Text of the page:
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SELECTBIO Conferences Lab-on-a-Chip, Microfluidics & Microarrays World Congress 2016

Abraham Lee's Biography



Abraham Lee, William J. Link Professor and Chair, University of California-Irvine

Abraham (Abe) P. Lee is the William J. Link Professor and Chair of the Biomedical Engineering (BME) Department with a courtesy appointment in Mechanical and Aerospace Engineering (MAE) at the University of California, Irvine. He is the Director of the NSF I/UCRC “Center for Advanced Design & Manufacturing of Integrated Microfluidics” (CADMIM). Prior to UCI, he was at the National Cancer Institute and a program manager in the Microsystems Technology Office at DARPA (1999-2001). Dr. Lee’s lab focuses on developing active integrated microfluidics and droplet microfluidic platforms. These platforms are applied to point-of-care and molecular diagnostics, “smart” nanomedicine for early detection and treatment, single cell processing and analysis, and tissue engineering and cell-based therapeutics. His research has contributed to the founding of several start-up companies. Dr. Lee serves as an associate editor for the Lab on a Chip journal and he is also an advisor to companies and government agencies. He owns 42 issued US patents and is author of over 100 journals articles. Professor Lee was awarded the 2009 Pioneers of Miniaturization Prize and is an elected fellow of the American Institute of and Medical and Biological Engineering and the American Society of Mechanical Engineers.

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Chip-Scale Microfluidic Physiological Circulation Systems

Tuesday, 27 September 2016 at 17:55

Add to Calendar ▼SELECTBIOenquiries@selectbiosciences.com

There has been a recent surge in the development of microphysiological systems and organ-on-a-chip for drug screening and regenerative medicine.  Over the years, drug screening has mostly been carried out on 2D monolayers in well plates and the drugs are not delivered through blood vessels as in vivo treatments. Through the advancement of microfluidics technologies, we have enabled the automation of biological fluids delivery through physiological vasculature networks that mimic the physiological circulation of the human body.  The critical bottleneck is to engineer the microenvironment for the formation of vascularized 3D tissues and to also pump and perfuse the tissue vascular network for on-chip microcirculation.  This in vitro model system can be used to screen cancer drugs by mimicking the delivery of the drugs through capillary blood vessels.  On the other hand, microfluidics play an important role in the recent advances in liquid biopsy and the ability to specifically isolate and capture rare cells such as circulating tumor cells. These two technologies may go hand-in-hand to connect in vitro screening to in vivo screening with great potential in the development of personalized medicine.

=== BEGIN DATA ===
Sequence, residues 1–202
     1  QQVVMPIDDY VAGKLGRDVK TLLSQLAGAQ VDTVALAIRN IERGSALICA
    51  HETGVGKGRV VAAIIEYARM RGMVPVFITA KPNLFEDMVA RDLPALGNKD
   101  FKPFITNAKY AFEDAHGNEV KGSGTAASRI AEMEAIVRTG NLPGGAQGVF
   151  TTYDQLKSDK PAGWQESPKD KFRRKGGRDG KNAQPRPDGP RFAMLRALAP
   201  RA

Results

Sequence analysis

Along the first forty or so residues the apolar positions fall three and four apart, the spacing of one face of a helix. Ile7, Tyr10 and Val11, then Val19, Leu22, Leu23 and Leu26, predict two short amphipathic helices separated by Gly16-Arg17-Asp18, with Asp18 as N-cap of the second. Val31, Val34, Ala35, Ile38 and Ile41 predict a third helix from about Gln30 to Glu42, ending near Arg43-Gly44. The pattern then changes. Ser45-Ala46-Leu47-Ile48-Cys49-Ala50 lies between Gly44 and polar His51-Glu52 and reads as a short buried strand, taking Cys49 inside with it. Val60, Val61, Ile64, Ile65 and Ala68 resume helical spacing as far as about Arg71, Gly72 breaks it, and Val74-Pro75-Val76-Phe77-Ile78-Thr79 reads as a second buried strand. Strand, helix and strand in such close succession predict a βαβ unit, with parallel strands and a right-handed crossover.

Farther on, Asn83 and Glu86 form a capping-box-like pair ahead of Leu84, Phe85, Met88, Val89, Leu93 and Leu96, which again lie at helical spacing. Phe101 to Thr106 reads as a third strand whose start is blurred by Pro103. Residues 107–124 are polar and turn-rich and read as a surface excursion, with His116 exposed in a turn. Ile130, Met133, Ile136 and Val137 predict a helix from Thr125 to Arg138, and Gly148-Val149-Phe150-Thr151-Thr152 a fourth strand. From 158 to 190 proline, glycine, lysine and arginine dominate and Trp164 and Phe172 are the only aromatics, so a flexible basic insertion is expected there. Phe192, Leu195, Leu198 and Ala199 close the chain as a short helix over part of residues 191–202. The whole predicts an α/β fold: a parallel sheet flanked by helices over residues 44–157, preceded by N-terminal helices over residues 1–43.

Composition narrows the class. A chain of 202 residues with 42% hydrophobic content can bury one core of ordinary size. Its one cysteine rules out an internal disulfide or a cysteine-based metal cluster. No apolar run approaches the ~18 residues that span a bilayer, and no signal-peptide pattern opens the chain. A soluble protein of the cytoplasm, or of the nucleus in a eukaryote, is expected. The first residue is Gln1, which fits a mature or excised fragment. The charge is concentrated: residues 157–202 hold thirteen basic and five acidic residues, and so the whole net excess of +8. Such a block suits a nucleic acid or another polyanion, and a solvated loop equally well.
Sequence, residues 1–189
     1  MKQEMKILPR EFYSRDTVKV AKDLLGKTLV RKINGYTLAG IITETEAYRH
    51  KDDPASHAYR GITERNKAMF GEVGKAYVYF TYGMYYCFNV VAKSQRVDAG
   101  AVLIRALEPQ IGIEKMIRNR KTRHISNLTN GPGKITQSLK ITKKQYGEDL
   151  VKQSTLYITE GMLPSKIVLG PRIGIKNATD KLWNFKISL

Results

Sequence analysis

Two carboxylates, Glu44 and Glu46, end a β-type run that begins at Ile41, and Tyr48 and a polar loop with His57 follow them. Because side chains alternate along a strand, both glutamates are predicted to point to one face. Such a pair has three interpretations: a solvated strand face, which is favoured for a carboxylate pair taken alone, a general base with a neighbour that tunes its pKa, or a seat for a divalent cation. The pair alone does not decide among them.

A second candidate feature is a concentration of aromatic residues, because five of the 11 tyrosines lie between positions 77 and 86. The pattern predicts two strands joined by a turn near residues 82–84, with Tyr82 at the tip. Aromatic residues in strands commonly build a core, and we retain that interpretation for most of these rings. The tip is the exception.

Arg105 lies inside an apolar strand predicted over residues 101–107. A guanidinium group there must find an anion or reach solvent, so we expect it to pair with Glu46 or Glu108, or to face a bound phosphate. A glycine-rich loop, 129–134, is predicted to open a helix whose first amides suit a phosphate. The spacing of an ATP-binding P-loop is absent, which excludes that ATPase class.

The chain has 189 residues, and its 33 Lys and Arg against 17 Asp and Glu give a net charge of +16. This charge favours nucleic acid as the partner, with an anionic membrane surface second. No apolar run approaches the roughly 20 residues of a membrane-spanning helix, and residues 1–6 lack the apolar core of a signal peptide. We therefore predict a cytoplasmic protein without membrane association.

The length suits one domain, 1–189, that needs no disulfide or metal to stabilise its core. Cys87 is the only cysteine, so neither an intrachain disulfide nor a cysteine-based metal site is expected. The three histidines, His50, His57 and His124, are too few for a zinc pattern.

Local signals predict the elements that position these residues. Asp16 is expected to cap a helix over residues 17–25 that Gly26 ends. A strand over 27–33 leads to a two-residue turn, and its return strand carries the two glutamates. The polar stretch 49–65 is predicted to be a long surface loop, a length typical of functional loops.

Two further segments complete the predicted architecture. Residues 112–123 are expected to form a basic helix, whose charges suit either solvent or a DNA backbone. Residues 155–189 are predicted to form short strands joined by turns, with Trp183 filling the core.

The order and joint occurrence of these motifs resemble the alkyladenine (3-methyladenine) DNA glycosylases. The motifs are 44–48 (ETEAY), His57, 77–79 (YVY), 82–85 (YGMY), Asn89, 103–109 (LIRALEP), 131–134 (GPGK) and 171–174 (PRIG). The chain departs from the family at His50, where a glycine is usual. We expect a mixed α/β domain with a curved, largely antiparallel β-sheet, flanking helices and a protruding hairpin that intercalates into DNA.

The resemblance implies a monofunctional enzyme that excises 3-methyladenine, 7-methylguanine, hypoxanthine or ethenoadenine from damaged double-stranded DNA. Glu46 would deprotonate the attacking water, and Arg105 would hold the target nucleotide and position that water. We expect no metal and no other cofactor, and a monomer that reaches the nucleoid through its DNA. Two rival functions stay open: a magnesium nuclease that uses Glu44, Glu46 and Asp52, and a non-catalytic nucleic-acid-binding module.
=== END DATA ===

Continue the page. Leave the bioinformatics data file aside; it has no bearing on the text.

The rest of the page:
Chip-Scale Microfluidic Physiological Circulation Systems

Tuesday, 27 September 2016 at 17:55

Add to Calendar ▼SELECTBIOenquiries@selectbiosciences.com

There has been a recent surge in the development of microphysiological systems and organ-on-a-chip for drug screening and regenerative medicine.  Over the years, drug screening has mostly been carried out on 2D monolayers in well plates and the drugs are not delivered through blood vessels as in vivo treatments. Through the advancement of microfluidics technologies, we have enabled the automation of biological fluids delivery through physiological vasculature networks that mimic the physiological circulation of the human body.  The critical bottleneck is to engineer the microenvironment for the formation of vascularized 3D tissues and to also pump and perfuse the tissue vascular network for on-chip microcirculation.  This in vitro model system can be used to screen cancer drugs by mimicking the delivery of the drugs through capillary blood vessels.  On the other hand, microfluidics play an important role in the recent advances in liquid biopsy and the ability to specifically isolate and capture rare cells such as circulating tumor cells. These two technologies may go hand-in-hand to connect in vitro screening to in vivo screening with great potential in the development of personalized medicine.


Add to Calendar ▼2016-09-26 00:00:002016-09-28 00:00:00Europe/LondonLab-on-a-Chip, Microfluidics and Microarrays World Congress 2016Lab-on-a-Chip, Microfluidics and Microarrays World Congress 2016 in San Diego, California, USASan Diego, California, USASELECTBIOenquiries@selectbiosciences.com